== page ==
AUSTIN, Texas — Roy Williams believes in his team. Believes it will improve. Believes, eventually, it will be OK. But for now, the Tar Heels are still finding themselves, Williams said on Tuesday, before North Carolina departed for its game tonight against Texas.
I wrote about the Heels’ journey of self-discovery in a story published today.
The good news? The next couple of weeks allows UNC a rare opportunity to grow amid few distractions. No class. Campus is quiet. Franklin Street, too. The focus will be solely on basketball, which is probably how Williams and his staff would prefer it, anyway.
Williams has entered some of his 10 seasons at UNC knowing what to expect from his team. He has entered some of his 10 seasons with an understanding of what his team’s identity might be. He entered this season, though, not knowing either of those things.
UNC’s first 10 games have come with an assortment of challenges: Lack of offensive rebounding, lack of transition defense, overall defensive lapses, lack of energy and urgency. Individually, several players – just about everyone on the team, when you think about it – are transitioning into new roles, or more prominent ones.
So it’s no surprise that UNC has struggled some in the early going. What is surprising, somewhat, is that a couple of players in recent weeks have questioned the team’s chemistry and cohesion. James Michael McAdoo did that after the Heels’ loss at No. 1 Indiana on Nov. 27. And then Reggie Bullock said on Saturday that he didn’t think all of his teammates were “all in.”
I asked Williams about that, and about how this team could use this time period to better come together:
Andrew Carter: You mentioned during your radio show on Monday night that this could be a good time for a young team to develop, without distractions. How much can your team come together and jell during the next couple of weeks?
Roy Williams: I don’t know if I’d say coming together and gelling but I’ve seen a lot of team improvement. But I don’t think that we’re apart. I think if you say coming together I think to me that sort of insinuates that there’s problems and I don’t think that it’s that. I just think we’ve got a bunch of young kids that are being challenged more than they’ve ever been challenged, playing at a higher level than they’ve ever been playing. But I do think this period is a time period where if you can stay healthy and not get guys sick and missing practice, this is an extremely important time for you.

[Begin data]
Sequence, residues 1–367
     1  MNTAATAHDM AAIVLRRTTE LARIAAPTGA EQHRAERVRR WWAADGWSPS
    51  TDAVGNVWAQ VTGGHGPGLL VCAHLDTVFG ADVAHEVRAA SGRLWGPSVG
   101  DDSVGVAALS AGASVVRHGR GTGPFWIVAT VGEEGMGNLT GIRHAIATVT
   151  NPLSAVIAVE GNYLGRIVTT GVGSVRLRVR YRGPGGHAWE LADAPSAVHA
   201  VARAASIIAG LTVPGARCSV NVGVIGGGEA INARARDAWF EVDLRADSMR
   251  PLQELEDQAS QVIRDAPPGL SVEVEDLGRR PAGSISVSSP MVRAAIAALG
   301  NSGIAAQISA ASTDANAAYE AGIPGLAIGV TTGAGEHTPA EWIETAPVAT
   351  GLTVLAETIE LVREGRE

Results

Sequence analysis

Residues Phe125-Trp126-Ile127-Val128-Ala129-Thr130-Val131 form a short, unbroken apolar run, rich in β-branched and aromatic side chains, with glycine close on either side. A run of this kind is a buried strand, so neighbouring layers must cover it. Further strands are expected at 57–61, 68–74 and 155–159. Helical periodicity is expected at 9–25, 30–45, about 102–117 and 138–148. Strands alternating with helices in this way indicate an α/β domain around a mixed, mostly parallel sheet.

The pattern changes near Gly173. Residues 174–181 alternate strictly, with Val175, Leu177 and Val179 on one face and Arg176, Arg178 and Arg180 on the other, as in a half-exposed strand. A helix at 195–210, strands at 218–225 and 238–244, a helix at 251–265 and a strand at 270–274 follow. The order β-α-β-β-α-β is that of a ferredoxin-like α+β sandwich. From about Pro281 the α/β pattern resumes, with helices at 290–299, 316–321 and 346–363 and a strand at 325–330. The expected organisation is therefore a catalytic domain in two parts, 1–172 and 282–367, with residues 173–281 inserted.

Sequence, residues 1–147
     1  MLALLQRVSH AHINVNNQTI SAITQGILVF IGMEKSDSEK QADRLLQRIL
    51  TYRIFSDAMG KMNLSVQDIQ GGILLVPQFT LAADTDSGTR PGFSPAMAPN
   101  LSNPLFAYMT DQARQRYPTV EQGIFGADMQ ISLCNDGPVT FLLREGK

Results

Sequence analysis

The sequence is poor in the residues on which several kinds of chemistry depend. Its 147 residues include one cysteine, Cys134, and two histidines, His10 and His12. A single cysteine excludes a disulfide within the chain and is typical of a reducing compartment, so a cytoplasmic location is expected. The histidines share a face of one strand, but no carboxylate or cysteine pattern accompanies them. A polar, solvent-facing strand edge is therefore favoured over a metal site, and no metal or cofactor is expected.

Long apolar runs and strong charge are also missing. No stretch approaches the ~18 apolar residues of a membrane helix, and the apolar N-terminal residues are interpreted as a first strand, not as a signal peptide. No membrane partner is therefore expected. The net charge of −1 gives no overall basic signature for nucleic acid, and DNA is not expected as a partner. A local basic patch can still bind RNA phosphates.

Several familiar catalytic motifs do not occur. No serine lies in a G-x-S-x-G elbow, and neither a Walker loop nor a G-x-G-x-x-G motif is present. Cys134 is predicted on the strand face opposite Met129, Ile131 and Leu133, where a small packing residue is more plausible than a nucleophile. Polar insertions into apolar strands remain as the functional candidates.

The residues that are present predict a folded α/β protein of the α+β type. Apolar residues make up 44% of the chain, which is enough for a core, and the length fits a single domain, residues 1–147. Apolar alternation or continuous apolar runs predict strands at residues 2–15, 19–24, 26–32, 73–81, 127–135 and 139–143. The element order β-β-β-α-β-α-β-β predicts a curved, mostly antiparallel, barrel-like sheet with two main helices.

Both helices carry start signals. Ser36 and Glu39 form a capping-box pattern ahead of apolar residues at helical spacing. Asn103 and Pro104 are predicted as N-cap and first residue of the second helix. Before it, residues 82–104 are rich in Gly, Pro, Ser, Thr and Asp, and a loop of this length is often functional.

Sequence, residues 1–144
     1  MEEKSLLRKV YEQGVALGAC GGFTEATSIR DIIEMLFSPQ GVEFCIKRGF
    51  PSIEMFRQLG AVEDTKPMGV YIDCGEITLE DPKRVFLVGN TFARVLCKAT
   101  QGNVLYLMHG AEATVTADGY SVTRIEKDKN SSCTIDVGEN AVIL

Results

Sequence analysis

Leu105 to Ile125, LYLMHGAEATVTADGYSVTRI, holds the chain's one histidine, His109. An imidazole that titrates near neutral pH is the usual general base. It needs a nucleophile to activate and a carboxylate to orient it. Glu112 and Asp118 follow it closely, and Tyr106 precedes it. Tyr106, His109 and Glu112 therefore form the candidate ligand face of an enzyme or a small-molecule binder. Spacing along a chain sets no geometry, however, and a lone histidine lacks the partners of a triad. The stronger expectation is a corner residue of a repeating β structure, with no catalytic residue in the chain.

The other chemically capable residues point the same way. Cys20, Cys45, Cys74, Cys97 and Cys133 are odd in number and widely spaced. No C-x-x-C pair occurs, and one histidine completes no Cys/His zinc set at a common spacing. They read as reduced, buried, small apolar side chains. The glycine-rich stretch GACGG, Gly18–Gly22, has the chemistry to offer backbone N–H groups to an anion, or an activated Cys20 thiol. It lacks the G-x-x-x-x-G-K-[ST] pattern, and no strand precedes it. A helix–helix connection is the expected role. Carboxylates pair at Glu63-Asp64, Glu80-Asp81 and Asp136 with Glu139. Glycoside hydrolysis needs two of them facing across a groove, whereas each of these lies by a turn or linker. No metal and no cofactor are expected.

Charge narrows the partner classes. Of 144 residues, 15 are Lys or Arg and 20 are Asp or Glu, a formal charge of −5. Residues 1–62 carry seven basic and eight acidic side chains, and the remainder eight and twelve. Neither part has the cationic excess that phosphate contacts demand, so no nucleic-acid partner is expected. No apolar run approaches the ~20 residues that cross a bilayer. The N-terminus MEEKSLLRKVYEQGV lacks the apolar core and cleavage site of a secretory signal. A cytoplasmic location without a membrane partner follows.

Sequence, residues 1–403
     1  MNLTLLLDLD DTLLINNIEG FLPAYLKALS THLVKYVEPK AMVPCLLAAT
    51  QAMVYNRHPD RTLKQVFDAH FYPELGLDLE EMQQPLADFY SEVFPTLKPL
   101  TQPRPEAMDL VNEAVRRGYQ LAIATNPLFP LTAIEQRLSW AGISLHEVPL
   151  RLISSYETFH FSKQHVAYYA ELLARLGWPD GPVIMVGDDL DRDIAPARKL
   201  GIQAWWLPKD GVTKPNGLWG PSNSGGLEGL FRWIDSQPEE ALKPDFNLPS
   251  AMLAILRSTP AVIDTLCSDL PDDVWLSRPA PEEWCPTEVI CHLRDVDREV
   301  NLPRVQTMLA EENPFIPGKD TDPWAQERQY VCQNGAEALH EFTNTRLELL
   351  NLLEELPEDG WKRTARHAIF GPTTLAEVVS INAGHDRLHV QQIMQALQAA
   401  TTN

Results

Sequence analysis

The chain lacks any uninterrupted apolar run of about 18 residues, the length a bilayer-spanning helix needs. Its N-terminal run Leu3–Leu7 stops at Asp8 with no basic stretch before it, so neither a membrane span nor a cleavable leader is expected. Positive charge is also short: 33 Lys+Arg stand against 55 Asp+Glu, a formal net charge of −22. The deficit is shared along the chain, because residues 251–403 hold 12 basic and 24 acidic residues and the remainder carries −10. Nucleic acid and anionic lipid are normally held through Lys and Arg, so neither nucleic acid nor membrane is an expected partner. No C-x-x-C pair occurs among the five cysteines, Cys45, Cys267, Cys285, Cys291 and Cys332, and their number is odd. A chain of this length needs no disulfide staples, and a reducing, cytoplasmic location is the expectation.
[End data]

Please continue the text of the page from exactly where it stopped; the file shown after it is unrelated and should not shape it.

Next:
AC: Do you guys need that at this point, a time just to focus on basketball?
RW: Definitely. I think every team needs it. I watched the other night a team on TV had four seniors and two of them were fifth-year seniors. And they’re going to get a heck of a lot better during this time period. But I do believe, for young teams, it’s even probably – you’ve got a chance to improve maybe a little more drastically.
AC: Some players have questioned the chemistry in recent weeks. What would your response be?
RW: There was one thing in the Indiana game, and I jumped on somebody because they don’t need to be jumping on somebody when you make the mistake yourself. And the other day, I didn’t really feel like we weren’t together. We just took bad shots and made turnovers. But I’ve really felt like this is a team that is together. I really feel like this is a team that is just still finding their way through things. I was just amazed watching the game the other night, and guys said, yeah, this guy was really good, this freshman here, he averaged one point a game. And his sophomore year averaged three points a game. Well, nobody ever gives our guys those kinds of statements or those kinds of opportunities, because it’s North Carolina. But, I mean, it was just glowing about how well this guy is really playing. And here if you’d had one point a game his freshman and three as a sophomore everybody would term that guy as a failure.
Williams also talked about how he hasn’t been surprised by some of his team’s struggles.
“I said in the spring, summer, fall – I said we really had a really young team, and who knows what’s going to happen. And some teams, some kids pick it up quicker. Tyler Hansbrough was a freshman, but he picked things up pretty quickly. And he had a tremendous amount of confidence that he was going to be successful. And other guys sort of fed off of his play, and fed off of David Noel’s leadership. And that was two phenomenal things that team had. And in 2010, when it was a similar situation, we didn’t have either one of those scenarios. But I said I felt like my team was going to get better and better as the season goes along, and I really still believe that. I believe at the end of the season, we’ll be a heck of a lot better than we are right now. As long as we stay healthy. If you get 24 guys hurt and have to play guys off the student body, it’s not going to be a very good team.”
The next chance to improve, of course, comes tonight in Austin. Just landed a bit ago.